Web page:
The need for financing for renewable energy, coupled with supportive policies, are driving interest in green bonds in India. However, more clarity for issuers on green bond certification and project evaluation is needed to further drive the growth of green bonds.

The Climate Bonds Initiative ranks India at number seven for the cumulative issuance of green bonds in 2016 at $2.7 billion, a 30% increase compared to 2015. In November 2016, India signed the Paris Agreement, an agreement within the UN Framework Convention on Climate Change. Through the signing of the Paris Agreement, India has set intended nationally determined contribution targets to lower emissions intensity and to increase non-fossil based power generation capacity. The creation of green financing through the bonds market dovetails well with the country’s energy and climate change policies and targets. Of the green bonds that were issued in India in 2016, 62% by volume went towards funding renewable energy projects in 2016. Indian lawyers are enthusiastic about the potential of the market for green bonds, but told Asialaw it won’t develop if more robust measures on green bond certification and project evaluation are not put in place.

Ameya Khandge

“There is huge commitment towards renewable energy and the deployment of wind and solar projects means there needs to be a platform for the finance and refinance of projects,” says Ameya Khandge, partner at Trilegal.

Green bonds guidelines

The Securities and Exchange Board of India (SEBI) issued guidelines on green bonds through a concept paper in December 2015 and followed with a memorandum the next month. The memorandum clarifies that an issuer must make annual and periodic disclosures to stock exchanges about the projects green bond proceeds are used for. However, the SEBI’s definition of green bonds is still vague and the requirement for independent third-party certification of the issuance of green bonds remains optional.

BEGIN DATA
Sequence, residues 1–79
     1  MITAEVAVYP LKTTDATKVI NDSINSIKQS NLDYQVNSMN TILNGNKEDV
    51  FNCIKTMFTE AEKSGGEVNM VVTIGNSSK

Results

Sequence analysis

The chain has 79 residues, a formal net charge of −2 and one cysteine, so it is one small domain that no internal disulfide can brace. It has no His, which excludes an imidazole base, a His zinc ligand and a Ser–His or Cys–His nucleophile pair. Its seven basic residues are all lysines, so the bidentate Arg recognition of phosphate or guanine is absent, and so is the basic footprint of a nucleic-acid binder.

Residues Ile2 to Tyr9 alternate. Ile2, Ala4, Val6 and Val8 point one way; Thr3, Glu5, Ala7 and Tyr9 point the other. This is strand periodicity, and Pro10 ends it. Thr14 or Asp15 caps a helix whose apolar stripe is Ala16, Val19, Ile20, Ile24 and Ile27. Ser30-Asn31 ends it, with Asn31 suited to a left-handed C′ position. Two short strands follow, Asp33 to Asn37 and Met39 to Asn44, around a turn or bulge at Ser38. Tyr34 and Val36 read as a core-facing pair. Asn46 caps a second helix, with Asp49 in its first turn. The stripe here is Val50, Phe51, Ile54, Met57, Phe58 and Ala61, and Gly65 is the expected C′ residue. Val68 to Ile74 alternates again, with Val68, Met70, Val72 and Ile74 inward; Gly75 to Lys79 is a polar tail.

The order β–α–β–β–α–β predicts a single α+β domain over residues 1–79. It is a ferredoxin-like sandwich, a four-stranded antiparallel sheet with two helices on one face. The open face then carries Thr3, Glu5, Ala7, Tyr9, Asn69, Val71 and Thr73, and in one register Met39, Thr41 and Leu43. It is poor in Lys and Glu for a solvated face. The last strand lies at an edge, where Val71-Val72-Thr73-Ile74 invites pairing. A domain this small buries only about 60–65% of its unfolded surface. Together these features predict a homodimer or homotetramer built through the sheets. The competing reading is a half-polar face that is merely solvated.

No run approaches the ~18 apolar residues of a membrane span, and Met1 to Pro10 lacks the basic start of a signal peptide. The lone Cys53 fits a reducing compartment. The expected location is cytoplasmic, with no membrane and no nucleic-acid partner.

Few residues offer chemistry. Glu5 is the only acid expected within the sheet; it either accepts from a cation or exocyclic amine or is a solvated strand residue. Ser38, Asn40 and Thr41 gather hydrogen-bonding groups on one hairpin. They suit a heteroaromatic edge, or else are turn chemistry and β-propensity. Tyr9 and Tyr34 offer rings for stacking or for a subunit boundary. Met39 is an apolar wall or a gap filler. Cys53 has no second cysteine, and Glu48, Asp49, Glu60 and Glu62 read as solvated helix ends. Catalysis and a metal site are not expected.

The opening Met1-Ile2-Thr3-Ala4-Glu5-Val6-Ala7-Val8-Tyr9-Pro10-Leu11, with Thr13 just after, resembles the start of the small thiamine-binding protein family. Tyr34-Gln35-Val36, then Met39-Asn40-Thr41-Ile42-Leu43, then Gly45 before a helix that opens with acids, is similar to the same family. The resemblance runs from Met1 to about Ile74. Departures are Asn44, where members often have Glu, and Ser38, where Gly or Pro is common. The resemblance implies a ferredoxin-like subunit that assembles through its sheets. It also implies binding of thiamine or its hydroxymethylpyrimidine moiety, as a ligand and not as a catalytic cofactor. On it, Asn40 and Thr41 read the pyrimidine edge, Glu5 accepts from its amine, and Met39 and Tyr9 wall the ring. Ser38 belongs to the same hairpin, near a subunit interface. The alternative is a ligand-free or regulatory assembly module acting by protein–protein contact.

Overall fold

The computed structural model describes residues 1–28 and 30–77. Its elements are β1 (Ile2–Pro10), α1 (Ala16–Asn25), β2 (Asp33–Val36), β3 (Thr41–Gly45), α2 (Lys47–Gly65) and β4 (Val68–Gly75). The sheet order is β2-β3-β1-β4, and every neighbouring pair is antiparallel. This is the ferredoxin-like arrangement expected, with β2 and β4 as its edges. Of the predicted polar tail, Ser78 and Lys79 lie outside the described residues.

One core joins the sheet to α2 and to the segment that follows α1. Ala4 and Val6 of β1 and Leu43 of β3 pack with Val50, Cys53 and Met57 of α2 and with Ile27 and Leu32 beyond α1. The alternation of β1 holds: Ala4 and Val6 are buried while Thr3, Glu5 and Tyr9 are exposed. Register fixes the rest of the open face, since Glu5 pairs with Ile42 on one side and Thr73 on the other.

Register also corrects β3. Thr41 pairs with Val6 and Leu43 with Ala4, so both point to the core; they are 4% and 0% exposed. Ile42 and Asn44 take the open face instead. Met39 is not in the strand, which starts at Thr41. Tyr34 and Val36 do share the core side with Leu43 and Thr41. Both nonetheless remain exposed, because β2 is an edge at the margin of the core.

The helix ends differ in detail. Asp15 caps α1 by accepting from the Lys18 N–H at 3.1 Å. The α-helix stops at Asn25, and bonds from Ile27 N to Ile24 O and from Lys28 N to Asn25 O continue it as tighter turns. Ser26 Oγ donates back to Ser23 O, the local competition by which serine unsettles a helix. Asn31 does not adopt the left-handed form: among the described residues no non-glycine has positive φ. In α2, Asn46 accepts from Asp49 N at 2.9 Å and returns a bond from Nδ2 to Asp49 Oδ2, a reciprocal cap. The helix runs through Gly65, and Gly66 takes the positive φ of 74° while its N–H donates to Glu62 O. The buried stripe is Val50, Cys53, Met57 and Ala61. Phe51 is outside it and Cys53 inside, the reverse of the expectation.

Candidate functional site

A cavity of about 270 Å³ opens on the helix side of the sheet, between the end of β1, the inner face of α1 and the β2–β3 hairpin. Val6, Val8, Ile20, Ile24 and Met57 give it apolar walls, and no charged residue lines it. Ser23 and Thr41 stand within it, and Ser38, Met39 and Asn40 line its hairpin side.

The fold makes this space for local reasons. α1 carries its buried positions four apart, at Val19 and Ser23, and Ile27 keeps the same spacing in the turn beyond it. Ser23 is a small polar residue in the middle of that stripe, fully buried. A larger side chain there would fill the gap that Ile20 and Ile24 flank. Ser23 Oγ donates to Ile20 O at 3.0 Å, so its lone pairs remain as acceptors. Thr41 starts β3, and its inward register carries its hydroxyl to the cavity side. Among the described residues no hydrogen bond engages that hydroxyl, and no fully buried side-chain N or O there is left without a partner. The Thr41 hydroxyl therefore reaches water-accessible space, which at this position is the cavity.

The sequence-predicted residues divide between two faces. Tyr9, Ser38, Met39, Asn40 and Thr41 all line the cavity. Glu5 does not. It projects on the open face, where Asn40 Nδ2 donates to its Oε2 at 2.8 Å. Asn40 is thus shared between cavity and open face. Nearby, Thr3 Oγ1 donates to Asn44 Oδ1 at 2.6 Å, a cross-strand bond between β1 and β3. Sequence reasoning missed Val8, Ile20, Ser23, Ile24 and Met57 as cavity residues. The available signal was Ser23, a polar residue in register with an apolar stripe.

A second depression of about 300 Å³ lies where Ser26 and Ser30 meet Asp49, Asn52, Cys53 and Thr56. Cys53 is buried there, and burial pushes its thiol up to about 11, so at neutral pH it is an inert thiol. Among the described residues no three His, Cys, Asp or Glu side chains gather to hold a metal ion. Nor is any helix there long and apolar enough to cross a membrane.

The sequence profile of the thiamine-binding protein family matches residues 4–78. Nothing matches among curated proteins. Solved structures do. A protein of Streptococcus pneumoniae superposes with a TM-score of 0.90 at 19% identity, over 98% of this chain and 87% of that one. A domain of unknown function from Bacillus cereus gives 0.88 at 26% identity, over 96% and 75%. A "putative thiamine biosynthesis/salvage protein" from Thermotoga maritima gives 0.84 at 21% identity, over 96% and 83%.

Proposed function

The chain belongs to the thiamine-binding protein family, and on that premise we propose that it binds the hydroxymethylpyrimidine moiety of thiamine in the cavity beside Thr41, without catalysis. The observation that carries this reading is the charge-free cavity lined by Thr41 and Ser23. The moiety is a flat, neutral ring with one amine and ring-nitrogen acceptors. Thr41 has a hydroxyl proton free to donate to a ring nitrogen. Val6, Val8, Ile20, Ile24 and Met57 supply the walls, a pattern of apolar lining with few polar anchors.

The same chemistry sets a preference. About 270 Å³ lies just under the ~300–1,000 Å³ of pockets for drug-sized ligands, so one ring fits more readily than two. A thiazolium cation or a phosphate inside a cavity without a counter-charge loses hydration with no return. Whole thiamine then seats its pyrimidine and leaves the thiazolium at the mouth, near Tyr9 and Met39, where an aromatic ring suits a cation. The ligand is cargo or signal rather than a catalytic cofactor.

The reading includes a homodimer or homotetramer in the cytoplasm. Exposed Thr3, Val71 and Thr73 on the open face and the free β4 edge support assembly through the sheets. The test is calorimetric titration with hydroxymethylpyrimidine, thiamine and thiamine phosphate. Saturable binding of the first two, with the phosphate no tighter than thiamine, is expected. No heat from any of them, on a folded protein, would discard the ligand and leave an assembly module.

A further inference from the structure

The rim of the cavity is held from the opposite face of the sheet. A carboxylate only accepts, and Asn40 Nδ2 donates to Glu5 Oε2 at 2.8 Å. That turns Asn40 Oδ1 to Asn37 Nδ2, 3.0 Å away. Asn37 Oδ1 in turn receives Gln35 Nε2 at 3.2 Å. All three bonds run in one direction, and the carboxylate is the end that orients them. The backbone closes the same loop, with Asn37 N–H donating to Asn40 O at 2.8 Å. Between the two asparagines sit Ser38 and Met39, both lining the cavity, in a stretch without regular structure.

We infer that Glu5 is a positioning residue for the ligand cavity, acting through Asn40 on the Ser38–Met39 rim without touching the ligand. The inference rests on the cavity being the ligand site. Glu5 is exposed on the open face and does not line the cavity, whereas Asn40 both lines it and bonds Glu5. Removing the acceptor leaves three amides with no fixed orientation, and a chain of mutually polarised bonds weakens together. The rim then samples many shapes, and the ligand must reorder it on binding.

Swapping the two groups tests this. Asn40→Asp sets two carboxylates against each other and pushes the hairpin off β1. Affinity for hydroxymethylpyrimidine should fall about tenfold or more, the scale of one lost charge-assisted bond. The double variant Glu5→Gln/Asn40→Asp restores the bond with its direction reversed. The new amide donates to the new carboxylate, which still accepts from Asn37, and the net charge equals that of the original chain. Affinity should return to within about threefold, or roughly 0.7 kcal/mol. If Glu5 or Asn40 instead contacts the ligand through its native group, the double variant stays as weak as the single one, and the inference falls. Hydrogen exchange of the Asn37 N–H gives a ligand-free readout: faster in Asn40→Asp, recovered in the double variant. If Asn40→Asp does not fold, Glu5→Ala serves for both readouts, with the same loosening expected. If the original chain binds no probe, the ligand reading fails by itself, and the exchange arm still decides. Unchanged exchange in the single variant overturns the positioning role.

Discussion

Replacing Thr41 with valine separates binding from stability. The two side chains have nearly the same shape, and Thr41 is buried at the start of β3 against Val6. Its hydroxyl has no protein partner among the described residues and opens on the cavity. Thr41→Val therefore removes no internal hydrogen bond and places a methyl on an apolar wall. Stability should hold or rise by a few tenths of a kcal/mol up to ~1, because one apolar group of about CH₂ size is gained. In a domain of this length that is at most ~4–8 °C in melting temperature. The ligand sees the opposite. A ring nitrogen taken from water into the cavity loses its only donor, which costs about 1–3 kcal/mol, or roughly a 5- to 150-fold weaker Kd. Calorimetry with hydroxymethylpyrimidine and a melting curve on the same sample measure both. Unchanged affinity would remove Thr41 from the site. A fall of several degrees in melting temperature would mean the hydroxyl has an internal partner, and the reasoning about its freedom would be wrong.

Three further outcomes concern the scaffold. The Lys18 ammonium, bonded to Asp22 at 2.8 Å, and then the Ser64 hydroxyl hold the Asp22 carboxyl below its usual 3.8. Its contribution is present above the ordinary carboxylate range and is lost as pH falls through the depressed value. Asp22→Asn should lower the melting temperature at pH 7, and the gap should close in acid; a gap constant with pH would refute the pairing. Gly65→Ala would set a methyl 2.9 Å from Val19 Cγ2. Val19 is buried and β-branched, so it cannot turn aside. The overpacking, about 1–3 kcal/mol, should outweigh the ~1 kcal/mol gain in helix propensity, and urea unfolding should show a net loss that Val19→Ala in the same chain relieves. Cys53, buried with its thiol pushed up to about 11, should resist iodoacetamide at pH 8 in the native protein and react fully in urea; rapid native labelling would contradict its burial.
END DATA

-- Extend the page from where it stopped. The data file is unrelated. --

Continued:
“The framework and measures important to ensure proper categorisation, reporting, auditing and proceed allocations of green bonds are not in place yet,” says Manisha Shroff, associate partner at Khaitan & Co. “The main challenge is to provide a comfort to investors that the proceeds of the green bonds will actually be deployed in a green project having an environmental and social angle which is backed by certification, there is a framework for monitoring the end use and the project, and methods of project evaluation.”

“The main legal issue would be to incorporate such measures into the legal framework to provide a robust mechanism which makes the product more attractive to investors and provides the issuers with a uniform set guidance on additional disclosures, end use monitoring and project evaluations,” she adds.

Innovative deal structures

Manisha Shroff

Some of the successful green bonds in India include the first green issuance by Yes Bank in 2015 for Rs1000 crores ($160 million) with a 10 year maturity which was largely oversubscribed. The bank raised another $49 million through the first green masala bond with the International Financial Corporation raising the offshore rupee bond on the London Stock Exchange. “This involved the unique combination of a masala bond structure achieving the end use of investment towards green projects,” says Shroff. The second green masala bond was issued by India’s power utility NTPC in August 2016.

Clean power producer Greenko issued a $500 million bond in 2016. “Greenko’s offshore bond was innovative in being the first high-yield issuance of its kind and it was backed by Singapore’s sovereign wealth fund GIC,” says Khandge.

“Green bonds ease the strain on banks to lend and refinance long-term green projects,” says Shroff. “In addition, an enhanced investor base gives issuers a pricing advantage and a favourable bargaining position, helping to lower the cost of financing of infrastructure, unlike bank loans. Unlike ordinary bonds, green bonds would also boost the mobilisation of sovereign funds, unlocking investment opportunities with an overall positive impact.”

“Globally we can see some rapidly evolving deal structures such as revenue bonds, where the financing is backed by security over the cash flows of green projects; and securitised bonds involving securitisation of green assets which include for example cash flows from solar and wind assets,” adds Shroff.

The momentum for green bonds is growing. India is not the only jurisdiction in Asia that is trying to boost the sector. China is doing the same. While innovative deal structures and increased investor interest are helping to drive more investment into green projects, what is needed now is more robust frameworks on project certification and evaluation to help drive this growth.